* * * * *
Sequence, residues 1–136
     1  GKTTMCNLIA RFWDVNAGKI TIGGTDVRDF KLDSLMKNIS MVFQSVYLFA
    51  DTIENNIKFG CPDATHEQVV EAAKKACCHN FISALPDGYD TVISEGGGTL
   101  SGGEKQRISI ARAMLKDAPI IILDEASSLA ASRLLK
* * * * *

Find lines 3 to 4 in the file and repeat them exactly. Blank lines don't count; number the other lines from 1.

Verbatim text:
    51  DTIENNIKFG CPDATHEQVV EAAKKACCHN FISALPDGYD TVISEGGGTL
   101  SGGEKQRISI ARAMLKDAPI IILDEASSLA ASRLLK